Party leader Mette Frederiksen said she believes that a handshake is important and “completely natural” but expressed concerns about writing it into law.
“The ceremony is what is important to me. If it turns out that there are problems with the handshake, then we should discuss legislation at that point,” she told broadcaster DR, adding that “we make too many laws in Denmark.”
Frederiksen said her party would not take a stance on the proposal until it makes it to parliament in its final form.
A number of mayors, including some from the ruling Venstre (Liberals) party, have spoken out against the proposal and indicated that they will not force new Danes to shake hands if they don’t want to.

Source: Mandatory handshake will make Danish citizenship three times as expensive

Danish left veering right on immigration

Another Nordic country struggling with integration:

Denmark’s right-wing government might once have expected pushback from the left-wing opposition when it introduced a controversial new integration policy.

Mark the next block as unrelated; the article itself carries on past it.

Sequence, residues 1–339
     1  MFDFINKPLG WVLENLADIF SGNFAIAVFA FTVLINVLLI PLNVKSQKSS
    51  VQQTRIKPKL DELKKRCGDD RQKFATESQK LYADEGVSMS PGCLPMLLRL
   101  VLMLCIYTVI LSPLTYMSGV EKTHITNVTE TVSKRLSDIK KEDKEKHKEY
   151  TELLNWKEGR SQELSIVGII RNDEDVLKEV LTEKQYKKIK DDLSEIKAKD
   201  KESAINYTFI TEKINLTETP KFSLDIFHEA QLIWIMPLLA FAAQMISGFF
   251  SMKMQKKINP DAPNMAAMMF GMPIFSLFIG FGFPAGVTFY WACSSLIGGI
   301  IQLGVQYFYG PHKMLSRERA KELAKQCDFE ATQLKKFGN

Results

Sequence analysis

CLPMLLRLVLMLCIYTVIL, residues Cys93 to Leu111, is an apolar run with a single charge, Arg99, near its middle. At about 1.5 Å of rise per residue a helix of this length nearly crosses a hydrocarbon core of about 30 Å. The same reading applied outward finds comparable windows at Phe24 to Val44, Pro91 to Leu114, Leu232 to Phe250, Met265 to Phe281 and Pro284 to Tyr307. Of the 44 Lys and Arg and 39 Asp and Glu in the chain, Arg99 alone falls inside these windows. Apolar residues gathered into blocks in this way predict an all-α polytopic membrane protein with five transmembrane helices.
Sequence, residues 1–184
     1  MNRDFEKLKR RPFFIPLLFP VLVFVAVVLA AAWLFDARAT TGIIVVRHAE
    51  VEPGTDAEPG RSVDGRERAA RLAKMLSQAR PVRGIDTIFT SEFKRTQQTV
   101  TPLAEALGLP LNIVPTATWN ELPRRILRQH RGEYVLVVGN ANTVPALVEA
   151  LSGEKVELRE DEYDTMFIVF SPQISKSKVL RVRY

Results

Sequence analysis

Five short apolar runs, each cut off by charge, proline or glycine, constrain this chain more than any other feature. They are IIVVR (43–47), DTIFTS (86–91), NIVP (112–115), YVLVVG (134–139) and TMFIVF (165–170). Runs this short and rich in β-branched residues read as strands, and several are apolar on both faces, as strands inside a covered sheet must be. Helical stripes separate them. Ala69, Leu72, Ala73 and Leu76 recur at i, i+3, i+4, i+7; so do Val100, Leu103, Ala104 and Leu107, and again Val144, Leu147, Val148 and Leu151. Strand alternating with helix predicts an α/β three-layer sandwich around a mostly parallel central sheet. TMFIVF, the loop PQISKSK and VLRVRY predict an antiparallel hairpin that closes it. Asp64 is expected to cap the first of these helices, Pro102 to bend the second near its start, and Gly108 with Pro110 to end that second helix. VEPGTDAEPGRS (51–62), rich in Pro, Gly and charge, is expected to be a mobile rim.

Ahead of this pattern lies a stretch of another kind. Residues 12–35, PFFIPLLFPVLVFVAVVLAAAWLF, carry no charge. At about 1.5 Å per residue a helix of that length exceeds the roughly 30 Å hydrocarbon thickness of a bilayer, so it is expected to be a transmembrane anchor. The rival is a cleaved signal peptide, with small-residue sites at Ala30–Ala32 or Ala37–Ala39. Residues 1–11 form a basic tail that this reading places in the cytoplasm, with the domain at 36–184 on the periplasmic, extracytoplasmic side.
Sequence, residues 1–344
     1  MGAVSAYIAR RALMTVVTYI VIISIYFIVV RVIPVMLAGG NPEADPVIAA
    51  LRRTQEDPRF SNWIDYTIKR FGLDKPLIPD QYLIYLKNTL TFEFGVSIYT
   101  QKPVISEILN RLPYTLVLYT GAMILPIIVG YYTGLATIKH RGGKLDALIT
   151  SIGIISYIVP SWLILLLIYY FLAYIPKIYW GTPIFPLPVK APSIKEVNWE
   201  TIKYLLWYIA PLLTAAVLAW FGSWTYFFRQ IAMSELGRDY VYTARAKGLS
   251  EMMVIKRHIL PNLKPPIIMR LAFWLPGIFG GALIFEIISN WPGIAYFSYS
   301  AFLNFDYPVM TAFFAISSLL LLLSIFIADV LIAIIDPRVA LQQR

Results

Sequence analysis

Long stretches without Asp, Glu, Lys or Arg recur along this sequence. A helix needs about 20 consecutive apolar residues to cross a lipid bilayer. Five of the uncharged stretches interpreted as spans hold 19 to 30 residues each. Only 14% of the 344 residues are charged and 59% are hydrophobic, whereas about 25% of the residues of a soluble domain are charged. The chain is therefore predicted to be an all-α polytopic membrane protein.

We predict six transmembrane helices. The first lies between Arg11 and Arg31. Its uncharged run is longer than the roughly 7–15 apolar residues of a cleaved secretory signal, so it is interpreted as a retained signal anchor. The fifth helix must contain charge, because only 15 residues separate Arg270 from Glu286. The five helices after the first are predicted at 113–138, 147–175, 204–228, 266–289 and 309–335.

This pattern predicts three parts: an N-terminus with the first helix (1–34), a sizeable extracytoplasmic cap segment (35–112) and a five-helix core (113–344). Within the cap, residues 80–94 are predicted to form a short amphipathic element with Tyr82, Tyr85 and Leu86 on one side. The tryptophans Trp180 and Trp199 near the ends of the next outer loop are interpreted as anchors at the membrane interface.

No longer.

A recent government proposal, to be finalized by parliament in the fall, would target the country’s so-called ghetto neighborhoods with a series of sanctions and incentives. The intention is to bring immigrant communities fully into Danish society — by force if necessary.

Children living in the targeted areas would be compelled to attend day care for 25 hours a week, to ensure they learn the country’s language and values. Parents who take their kids back to their countries of origin for extended periods could face prison or deportation. Crimes committed in the neighborhoods would carry heavier sentences. Buildings would be demolished if necessary.

The last touches to the package are expected to be fully approved with a large parliamentary majority, including the enthusiastic support of the largest opposition party, the left-wing Danish Social Democrats.

“We tried to negotiate this to be, you might say more draconian,” said Mattias Tesfaye, the party’s spokesman on immigration and integration. “We think the government has been soft on this.”

Flanking on the right

Political parties across Europe are grappling with immigration policy. Concerns about new arrivals have helped propel far-right parties into government in Austria and Italy and elevated the xenophobic Alternative for Germany into its country’s largest opposition party.

The issue has posed a particular dilemma for Europe’s left-wing parties, which have suffered a wave of electoral defeats as political rivals accuse them of being responsible for untrammeled immigration. Some have shifted to an economic critique of migration due to wage competition, while others have doubled down on a defense of diversity and assistance for refugees.